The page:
Having noted that I would have like more on various topics, I should point out that Dr Kloester has included a short bibliography for further reading.

Overall, however, this is a very useful book, and as a guide to life in the early 19th century it is certainly better in every respect than What Jane Austen Ate and Charles Dickens Knew, which is perhaps the best point of comparison. Physically it is well produced, with illustrations by Graeme Tavendale that complement the text, and a cover that mirrors the style of the Heyer paperbacks recently published by Arrow.

Dr Kloester is apparently addressing the Historical Novel Society Conference on Saturday. I shall miss this event as it clashes with the Great British Cheese Festival here in Cheltenham.

4 comments:

mandy said...

Thanks, Stephen, a great review. I was hoping for a book on all the characters in Heyer, with brief biographies, but maybe some enterprising fan will write one.

If you want to get inside the head of someone who spends a day to accomplish an hour's journey, then buy a train ticket and you will have first hand experience. The resulting chaos will give you a pretty good idea of the frustrations of travel, including such Regency problems as being too cold (the heating doesn't work), too hot (the heating is going full blast and you can't turn it off, nor can you open a window), being uncomfortable (you can't get a seat), and arriving at your destination six hours after you set out to travel twenty miles. A carriage would often be quicker.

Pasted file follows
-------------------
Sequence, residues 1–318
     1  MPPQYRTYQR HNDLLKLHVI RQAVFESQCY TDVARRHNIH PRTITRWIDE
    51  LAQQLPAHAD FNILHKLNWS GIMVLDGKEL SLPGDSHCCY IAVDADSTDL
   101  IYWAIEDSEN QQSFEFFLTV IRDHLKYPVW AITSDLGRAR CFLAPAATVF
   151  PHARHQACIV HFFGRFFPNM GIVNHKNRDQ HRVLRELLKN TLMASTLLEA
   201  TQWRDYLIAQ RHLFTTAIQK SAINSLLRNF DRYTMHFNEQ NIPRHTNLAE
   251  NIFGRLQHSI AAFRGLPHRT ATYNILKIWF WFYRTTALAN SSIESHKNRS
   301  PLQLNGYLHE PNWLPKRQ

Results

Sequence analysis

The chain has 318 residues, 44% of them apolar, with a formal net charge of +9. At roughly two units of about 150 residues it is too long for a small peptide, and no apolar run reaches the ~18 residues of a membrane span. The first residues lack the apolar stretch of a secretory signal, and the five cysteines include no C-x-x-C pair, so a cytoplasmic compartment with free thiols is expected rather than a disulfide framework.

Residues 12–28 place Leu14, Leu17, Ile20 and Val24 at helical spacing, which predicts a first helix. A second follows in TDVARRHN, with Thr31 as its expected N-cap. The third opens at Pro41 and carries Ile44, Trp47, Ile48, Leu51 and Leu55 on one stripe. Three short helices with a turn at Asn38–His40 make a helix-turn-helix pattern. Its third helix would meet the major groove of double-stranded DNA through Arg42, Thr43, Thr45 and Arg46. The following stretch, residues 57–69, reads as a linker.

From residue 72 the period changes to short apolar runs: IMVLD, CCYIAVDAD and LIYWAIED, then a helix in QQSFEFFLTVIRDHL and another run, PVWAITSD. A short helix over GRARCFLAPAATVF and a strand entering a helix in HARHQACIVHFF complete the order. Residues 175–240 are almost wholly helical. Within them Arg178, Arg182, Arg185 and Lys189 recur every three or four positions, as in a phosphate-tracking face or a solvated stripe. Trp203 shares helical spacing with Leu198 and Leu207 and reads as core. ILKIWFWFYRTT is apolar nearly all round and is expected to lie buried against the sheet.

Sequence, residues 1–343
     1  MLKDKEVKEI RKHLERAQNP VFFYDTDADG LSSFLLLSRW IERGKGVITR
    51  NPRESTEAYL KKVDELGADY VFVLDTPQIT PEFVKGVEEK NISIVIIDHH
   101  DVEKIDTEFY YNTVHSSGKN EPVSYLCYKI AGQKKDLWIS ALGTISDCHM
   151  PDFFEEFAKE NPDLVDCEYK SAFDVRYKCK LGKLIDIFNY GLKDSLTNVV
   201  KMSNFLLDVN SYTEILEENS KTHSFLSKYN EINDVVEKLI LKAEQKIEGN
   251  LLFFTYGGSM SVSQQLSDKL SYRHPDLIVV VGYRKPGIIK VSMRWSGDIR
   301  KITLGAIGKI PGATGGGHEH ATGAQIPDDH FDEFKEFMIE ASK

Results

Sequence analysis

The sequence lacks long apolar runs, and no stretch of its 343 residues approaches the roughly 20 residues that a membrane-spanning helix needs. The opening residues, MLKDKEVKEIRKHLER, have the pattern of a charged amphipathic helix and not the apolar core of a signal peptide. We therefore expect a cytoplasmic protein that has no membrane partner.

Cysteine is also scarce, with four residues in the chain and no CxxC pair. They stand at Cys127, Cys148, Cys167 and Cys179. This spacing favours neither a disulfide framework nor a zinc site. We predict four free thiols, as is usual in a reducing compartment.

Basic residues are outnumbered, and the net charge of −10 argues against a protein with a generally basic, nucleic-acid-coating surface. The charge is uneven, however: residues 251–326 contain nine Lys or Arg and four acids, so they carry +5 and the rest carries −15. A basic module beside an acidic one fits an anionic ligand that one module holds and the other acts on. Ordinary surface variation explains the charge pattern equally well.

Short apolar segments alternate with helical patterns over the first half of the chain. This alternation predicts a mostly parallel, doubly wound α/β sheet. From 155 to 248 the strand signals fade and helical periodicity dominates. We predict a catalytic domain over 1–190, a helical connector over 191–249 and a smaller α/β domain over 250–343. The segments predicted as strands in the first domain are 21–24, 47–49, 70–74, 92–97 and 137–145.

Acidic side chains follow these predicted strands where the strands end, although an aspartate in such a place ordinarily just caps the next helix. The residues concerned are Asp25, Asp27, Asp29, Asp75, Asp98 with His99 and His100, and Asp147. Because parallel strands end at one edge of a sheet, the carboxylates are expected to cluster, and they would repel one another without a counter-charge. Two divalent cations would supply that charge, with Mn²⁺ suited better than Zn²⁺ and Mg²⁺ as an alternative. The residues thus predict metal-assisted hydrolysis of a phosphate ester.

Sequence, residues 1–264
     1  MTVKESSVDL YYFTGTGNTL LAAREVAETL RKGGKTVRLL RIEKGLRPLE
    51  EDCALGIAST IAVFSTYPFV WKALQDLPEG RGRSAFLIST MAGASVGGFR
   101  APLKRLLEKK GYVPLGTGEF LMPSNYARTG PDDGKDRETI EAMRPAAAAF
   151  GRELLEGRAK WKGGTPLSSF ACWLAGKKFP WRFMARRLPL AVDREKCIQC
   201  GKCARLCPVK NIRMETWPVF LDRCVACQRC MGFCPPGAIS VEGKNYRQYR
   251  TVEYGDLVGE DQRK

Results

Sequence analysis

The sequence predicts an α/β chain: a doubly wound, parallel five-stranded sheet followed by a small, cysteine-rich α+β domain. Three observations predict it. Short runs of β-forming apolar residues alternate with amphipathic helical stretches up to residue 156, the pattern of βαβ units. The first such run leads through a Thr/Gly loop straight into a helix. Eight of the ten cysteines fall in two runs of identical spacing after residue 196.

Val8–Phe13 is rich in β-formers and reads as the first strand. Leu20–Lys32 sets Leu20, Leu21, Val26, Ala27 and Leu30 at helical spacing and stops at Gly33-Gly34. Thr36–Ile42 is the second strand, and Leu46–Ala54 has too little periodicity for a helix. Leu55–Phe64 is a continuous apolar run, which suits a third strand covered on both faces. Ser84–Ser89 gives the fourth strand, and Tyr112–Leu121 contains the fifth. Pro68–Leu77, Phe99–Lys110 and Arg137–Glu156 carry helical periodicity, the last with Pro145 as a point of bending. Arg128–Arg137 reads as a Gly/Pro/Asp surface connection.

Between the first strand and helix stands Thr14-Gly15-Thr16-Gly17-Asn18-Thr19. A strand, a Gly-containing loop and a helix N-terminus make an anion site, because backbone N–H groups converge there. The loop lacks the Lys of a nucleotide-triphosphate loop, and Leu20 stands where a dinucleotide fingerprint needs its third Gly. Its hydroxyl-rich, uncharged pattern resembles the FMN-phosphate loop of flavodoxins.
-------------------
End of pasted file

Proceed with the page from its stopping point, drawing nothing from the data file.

Or read Jane Austen. Darcy describes 30 miles as an easy distance, and Elizabeth disagrees.

For more details on Regency life, try Carolly Erickson's Our tempestuous Day and Venetia Murray's High Society in the Regency period. You need to cross check things, because there are some mistakes in the latter, but even so, both will give you a good idea of Regency life.

Stephen said...